The economic reforms Temer is trying to implement in order to stave off a deepening crisis have initially been well received by the international markets.
Zeina Latif, Chief Economist at XP Investimentos said that the proposals are a step in the right direction, through aiming to reduce budget rigidity and cap spending on growth.
“Brazil has a government agenda, not a Finance Minister’s list of intentions, and the measures proposed also look much more reasonable that those intended by the previous Finance Minister Barbosa,” she continued.
Included in the proposed reforms are amendments to Brazil’s pension system, including raising the minimum age of retirement – changes that have been heavily criticised by some of the country’s largest unions – and constitutional reforms aimed at curbing government spending. The government says it is facing a record 170.5 billion reais (US$48bn) primary budget deficit in 2016, nearly double previous estimates.
“Although the debate in Brazil looks more mature today regarding the need for pension reform, there is expected to be strong opposition to the bill.”
She added however that something would pass, but noted that the new rules would likely only impact newcomers to pension schemes, meaning other measures will be necessary to stabilise the debt to GDP ratio in the medium term.
The removal of the president of Petrobras was an attempt by Temer to increase foreign investment in the state owned oil company.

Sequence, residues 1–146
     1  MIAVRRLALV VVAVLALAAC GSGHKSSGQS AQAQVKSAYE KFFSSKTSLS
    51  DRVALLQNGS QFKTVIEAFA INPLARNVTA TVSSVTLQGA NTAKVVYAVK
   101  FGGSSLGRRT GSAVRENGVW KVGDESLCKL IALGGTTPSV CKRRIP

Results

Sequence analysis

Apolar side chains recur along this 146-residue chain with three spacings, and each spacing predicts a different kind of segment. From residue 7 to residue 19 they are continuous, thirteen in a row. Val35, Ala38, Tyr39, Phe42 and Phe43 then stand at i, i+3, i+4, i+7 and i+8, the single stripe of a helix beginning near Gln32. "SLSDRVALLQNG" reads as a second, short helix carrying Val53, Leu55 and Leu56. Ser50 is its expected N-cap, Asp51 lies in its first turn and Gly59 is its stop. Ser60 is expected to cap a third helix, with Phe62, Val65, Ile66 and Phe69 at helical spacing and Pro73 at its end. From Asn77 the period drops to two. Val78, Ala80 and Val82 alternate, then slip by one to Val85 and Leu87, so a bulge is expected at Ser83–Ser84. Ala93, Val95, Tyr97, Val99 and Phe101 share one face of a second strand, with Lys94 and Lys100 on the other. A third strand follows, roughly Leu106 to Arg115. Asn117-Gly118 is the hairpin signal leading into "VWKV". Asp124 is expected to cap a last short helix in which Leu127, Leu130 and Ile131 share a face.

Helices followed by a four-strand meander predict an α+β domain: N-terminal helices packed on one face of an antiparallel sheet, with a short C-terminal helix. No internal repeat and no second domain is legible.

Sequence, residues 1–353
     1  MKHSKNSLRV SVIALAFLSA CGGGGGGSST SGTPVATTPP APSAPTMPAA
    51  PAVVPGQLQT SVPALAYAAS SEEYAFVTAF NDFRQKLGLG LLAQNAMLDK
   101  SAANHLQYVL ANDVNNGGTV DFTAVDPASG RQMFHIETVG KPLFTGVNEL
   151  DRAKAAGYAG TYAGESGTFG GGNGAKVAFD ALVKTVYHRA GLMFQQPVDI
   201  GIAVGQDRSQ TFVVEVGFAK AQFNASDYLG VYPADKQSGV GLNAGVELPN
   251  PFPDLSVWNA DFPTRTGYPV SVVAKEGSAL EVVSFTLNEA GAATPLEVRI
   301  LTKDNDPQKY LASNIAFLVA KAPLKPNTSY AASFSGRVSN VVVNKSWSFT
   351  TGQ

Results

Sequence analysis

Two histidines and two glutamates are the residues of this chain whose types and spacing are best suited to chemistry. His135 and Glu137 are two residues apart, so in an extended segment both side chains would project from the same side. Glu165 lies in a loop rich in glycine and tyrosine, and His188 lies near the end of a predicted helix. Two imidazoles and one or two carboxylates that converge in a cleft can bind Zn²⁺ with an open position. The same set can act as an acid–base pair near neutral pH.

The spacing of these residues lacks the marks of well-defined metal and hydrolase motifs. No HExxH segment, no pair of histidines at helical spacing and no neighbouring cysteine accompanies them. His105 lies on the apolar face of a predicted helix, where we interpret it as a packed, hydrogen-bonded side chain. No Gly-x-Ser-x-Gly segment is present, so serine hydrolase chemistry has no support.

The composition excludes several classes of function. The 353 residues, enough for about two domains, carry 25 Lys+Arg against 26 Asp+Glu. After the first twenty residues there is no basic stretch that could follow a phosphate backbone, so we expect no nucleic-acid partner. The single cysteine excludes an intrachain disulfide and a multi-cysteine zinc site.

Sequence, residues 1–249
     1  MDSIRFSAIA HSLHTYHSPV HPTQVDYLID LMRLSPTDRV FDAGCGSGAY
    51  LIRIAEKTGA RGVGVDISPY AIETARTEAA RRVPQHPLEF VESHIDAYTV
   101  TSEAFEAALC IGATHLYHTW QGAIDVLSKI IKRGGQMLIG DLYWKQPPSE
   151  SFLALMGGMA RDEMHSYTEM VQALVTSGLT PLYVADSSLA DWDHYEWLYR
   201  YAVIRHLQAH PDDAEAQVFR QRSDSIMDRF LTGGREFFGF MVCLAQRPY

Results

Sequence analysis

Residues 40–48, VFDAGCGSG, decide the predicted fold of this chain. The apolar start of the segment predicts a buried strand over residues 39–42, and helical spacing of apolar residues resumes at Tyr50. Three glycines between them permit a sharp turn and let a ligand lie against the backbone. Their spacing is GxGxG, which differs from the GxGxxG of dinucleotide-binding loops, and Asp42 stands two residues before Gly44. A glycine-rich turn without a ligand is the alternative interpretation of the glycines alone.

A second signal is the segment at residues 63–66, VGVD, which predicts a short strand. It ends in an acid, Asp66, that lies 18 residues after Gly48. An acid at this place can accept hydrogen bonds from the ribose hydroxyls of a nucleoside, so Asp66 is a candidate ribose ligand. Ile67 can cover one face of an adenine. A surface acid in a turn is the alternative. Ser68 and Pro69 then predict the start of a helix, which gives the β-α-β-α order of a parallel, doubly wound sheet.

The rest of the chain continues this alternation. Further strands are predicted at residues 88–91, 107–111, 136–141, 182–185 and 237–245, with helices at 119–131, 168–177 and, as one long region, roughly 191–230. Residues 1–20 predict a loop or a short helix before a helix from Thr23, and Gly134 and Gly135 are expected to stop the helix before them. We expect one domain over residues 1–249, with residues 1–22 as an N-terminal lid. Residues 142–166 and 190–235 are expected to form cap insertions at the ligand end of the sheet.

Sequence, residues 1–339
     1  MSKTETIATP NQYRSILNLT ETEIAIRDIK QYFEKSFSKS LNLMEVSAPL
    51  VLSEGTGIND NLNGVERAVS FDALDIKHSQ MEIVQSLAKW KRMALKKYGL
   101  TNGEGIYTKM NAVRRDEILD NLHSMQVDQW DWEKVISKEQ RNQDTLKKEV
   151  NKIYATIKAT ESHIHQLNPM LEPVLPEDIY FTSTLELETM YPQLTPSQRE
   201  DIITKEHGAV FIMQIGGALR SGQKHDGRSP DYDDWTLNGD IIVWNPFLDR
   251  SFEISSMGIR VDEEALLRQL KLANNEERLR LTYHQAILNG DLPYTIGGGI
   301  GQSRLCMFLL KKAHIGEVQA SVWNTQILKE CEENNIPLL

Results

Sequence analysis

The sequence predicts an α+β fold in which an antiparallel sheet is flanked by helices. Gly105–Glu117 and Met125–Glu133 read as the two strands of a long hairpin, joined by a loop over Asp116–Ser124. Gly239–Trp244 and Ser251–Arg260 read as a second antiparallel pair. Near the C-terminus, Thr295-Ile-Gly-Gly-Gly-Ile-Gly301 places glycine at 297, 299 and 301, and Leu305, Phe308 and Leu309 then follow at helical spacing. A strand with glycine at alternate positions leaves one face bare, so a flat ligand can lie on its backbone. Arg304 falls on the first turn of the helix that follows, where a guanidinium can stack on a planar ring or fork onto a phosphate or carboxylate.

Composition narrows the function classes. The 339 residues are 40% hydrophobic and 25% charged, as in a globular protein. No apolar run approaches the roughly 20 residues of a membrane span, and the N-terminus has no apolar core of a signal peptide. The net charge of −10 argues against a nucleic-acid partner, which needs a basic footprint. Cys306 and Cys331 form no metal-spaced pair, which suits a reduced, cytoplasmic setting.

“The substitution of Petrobras’ president for a well-known and competent administrator was an important signal to investors.”
Despite this, Latif added that given the seriousness of the crisis that Petrobras faces, it is still too early to say whether investors will return anytime soon. Alongside economic policies, activity in the political sphere is likely to weigh on international market sentiment.
Two high profile ministers – interim Anti-Corruption Minister Fabiano Silveira and Planning Minister Romero Juca – were forced to resign over the past week after leaked recordings made by former Senator Sergio Machado suggested the both ministers tried to derail a corruption probe into state oil company Petrobras.
“The problem is that the political environment remains too unstable,” she continued. “The markets will await concrete developments. Good intentions are not enough to build confidence.”